Smilodon is probably one of the most iconic mammalian apex predators with its extended upper canines and robustly-built forearms. In fact, when we compare Smilodon to modern cats (felids), we don’t see these same characteristics. So what were they used for? Was Smilodon specialised for any particular behaviour?

Owing to the unique preservation of the tar seeps at Rancho La Brea, Los Angeles, USA, we can find an overabundance of predators, including Smilodon fatalis, Canis dirus, Panthera atrox and Puma concolor. This allows researchers to reconstruct the predatory landscape of the area in the Pleistocene. Who was eating what? Was there any competition between predators?

All of these questions feed in to the ‘dietary ecology’ of Smilodon and here to discuss that, and more, is Dr Larisa DeSantis of Vanderbilt University.

Direct download: Ep121.mp3
Category:general -- posted at: 8:17pm UTC

It wouldn’t be outlandish to state that many a fossil collection has started with the acquisition of an ammonite. Their planispiral shells (termed a conch) are instantly recognisable and since that conch was originally composed of the relatively hard mineral aragonite, they better lend themselves to the fossilisation process.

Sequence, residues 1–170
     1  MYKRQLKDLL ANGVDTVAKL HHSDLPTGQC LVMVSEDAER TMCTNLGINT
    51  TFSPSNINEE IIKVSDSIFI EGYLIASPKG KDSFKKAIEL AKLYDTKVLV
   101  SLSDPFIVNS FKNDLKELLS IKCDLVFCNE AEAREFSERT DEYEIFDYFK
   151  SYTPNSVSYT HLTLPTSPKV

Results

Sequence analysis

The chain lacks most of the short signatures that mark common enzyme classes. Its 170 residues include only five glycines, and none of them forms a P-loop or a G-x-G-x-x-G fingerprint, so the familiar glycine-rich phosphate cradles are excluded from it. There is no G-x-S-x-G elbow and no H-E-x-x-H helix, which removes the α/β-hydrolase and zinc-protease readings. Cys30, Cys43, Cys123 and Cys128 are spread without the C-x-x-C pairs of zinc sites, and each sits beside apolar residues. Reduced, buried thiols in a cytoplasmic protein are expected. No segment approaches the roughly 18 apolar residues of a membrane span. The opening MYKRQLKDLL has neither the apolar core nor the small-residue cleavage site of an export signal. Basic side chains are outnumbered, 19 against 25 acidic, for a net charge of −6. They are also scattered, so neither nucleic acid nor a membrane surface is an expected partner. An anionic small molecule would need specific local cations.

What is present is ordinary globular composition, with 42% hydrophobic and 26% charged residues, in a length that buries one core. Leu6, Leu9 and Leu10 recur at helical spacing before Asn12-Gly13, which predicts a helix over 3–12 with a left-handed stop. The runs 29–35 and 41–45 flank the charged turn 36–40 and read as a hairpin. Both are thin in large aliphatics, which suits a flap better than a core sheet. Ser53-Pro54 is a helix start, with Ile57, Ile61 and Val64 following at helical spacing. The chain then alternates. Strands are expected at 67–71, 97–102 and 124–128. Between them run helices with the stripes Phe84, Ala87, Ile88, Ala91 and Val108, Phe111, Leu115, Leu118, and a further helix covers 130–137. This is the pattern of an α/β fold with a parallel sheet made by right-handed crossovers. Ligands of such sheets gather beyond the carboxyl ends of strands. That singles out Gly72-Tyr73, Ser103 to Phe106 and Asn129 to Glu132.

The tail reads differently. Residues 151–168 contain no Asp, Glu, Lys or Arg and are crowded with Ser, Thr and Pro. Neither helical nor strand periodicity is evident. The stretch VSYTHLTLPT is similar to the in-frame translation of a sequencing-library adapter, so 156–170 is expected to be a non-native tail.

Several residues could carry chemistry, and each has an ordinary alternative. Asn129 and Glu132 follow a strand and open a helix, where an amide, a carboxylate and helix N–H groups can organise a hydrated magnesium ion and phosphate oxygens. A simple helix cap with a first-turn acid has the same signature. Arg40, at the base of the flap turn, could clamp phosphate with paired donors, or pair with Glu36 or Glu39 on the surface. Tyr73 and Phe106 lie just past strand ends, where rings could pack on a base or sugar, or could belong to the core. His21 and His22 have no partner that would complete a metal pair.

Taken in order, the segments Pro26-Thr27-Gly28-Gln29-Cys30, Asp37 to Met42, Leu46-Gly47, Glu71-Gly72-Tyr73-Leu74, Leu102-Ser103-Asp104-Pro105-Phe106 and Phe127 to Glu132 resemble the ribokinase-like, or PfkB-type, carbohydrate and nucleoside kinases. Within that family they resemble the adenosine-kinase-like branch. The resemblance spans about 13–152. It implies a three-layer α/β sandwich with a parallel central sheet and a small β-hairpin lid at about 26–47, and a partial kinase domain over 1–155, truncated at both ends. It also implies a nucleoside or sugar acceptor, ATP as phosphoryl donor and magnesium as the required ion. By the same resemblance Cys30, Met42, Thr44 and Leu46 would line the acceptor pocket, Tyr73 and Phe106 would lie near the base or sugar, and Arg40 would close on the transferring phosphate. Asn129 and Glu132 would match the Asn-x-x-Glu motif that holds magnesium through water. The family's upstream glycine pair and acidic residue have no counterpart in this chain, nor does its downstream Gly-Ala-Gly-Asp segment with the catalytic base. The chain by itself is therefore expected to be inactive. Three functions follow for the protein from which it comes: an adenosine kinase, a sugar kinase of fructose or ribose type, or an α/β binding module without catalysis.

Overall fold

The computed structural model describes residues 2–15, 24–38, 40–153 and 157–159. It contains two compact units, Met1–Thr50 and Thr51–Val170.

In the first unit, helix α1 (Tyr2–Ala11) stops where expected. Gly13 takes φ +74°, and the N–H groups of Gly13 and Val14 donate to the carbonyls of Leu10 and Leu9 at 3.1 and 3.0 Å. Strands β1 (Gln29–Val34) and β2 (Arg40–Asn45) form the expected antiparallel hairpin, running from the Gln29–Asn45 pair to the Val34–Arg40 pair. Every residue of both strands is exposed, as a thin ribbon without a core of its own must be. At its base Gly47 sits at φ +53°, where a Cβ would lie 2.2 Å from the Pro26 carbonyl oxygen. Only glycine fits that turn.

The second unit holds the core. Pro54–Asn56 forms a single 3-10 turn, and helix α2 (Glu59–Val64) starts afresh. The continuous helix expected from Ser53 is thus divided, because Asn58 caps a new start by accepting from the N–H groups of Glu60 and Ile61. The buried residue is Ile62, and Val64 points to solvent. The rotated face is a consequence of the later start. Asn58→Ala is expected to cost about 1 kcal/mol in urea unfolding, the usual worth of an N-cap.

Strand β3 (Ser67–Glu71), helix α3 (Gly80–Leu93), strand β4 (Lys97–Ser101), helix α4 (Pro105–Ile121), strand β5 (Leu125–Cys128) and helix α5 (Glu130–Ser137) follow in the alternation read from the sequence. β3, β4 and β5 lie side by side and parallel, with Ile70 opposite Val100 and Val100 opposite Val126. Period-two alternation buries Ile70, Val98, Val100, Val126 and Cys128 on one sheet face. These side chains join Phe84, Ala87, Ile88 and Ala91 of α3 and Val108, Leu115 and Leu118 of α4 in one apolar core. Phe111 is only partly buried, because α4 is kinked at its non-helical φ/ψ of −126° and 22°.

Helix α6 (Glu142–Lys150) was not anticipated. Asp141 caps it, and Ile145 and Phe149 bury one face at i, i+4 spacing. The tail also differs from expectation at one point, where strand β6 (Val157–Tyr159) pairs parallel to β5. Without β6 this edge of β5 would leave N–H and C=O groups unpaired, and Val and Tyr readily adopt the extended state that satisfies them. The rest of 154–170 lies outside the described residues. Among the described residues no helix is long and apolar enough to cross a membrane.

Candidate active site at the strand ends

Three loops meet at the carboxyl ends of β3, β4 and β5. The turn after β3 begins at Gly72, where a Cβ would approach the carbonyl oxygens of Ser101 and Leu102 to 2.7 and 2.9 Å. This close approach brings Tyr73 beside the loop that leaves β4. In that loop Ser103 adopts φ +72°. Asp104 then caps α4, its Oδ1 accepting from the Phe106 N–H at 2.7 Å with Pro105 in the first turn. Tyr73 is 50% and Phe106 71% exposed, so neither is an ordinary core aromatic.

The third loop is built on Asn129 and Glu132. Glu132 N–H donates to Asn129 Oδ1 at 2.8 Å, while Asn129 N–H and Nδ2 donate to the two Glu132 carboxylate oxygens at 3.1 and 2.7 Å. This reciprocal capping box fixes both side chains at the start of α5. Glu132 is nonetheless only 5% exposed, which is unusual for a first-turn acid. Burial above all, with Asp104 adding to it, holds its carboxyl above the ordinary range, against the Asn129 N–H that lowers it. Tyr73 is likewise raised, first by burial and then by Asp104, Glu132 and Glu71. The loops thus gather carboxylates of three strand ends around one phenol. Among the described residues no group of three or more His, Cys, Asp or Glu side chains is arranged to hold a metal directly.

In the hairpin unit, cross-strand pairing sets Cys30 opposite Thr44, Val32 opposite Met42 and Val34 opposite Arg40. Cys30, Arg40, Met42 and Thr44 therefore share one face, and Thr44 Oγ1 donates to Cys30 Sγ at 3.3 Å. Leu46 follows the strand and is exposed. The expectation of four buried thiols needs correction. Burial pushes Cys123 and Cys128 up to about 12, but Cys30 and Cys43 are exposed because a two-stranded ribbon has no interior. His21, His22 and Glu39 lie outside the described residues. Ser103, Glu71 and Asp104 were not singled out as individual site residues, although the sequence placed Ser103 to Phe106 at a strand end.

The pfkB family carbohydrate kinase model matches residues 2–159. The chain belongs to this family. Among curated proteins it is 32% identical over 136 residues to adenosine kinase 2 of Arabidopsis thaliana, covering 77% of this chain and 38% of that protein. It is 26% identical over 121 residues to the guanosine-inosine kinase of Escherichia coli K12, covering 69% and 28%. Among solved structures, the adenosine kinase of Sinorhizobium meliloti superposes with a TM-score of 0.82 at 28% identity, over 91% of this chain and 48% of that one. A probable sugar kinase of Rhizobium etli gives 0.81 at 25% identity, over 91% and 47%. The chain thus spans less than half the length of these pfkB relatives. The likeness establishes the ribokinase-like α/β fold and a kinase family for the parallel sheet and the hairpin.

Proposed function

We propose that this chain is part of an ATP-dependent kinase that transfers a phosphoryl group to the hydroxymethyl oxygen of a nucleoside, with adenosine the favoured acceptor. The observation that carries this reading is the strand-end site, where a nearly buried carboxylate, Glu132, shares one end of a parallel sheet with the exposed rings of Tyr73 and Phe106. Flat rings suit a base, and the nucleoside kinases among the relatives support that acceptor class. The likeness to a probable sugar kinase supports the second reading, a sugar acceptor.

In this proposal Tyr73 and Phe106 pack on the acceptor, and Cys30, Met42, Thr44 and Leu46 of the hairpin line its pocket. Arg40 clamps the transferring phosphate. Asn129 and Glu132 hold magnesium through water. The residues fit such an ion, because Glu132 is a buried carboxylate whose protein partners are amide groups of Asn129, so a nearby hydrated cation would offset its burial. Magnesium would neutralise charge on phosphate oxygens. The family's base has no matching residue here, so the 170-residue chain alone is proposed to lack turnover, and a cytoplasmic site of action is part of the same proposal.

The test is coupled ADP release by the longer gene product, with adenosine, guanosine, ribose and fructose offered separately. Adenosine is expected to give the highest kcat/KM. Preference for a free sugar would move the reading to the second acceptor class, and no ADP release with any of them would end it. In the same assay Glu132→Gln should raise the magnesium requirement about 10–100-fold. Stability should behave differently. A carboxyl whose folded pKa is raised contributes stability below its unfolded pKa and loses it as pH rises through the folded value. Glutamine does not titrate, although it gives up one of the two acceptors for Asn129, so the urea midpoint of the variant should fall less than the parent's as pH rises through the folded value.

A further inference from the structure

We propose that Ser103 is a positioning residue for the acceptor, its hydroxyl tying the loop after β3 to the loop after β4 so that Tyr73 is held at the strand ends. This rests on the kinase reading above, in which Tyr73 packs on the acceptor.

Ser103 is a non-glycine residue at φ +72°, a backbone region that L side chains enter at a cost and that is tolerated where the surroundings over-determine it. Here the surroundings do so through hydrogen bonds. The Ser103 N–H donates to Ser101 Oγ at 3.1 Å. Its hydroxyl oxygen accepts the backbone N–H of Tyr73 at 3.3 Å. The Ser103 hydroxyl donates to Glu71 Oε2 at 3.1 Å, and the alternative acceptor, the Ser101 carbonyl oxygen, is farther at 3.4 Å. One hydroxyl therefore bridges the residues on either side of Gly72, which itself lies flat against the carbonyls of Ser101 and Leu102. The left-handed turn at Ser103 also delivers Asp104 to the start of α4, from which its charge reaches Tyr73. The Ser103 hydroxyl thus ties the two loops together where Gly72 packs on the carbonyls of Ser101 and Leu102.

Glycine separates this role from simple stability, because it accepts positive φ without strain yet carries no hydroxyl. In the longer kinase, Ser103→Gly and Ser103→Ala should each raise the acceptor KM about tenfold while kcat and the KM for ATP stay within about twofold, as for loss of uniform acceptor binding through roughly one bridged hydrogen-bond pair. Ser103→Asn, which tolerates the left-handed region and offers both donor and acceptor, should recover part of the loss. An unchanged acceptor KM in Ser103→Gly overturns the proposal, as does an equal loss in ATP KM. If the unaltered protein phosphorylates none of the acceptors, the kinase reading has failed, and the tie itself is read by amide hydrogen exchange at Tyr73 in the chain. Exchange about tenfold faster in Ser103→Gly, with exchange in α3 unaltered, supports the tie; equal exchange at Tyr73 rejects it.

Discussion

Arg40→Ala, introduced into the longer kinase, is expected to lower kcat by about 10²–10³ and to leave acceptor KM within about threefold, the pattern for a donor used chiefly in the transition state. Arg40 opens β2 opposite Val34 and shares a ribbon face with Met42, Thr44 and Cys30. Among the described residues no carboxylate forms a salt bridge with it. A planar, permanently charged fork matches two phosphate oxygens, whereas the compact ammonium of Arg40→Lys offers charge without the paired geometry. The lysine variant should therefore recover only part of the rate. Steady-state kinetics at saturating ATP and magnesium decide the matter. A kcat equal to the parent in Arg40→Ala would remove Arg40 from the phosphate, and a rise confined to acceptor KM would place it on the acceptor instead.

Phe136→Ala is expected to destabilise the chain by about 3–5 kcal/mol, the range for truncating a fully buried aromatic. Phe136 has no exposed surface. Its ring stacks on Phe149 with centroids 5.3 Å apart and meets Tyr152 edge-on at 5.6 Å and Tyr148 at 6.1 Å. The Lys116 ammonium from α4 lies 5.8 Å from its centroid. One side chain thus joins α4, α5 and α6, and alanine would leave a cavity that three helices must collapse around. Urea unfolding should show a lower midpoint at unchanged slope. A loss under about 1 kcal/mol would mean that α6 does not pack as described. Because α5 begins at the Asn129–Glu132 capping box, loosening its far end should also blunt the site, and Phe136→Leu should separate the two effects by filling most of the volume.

But how much do we actually know about the animal that produces the conch? We might be able to make superficial inferences based on comparisons with the modern Nautilus, but ammonites are actually closer related to squid and octopuses.

So could you recognise an ammonite without its shell?

Prof. Christian Klug of the University of Zurich has recently described just that: a naked ammonite. In this episode, we learn about ammonite soft body anatomy and sink our teeth into the mystery of how this ammonite lost its shell.

Direct download: Ep120.mp3
Category:general -- posted at: 5:52pm UTC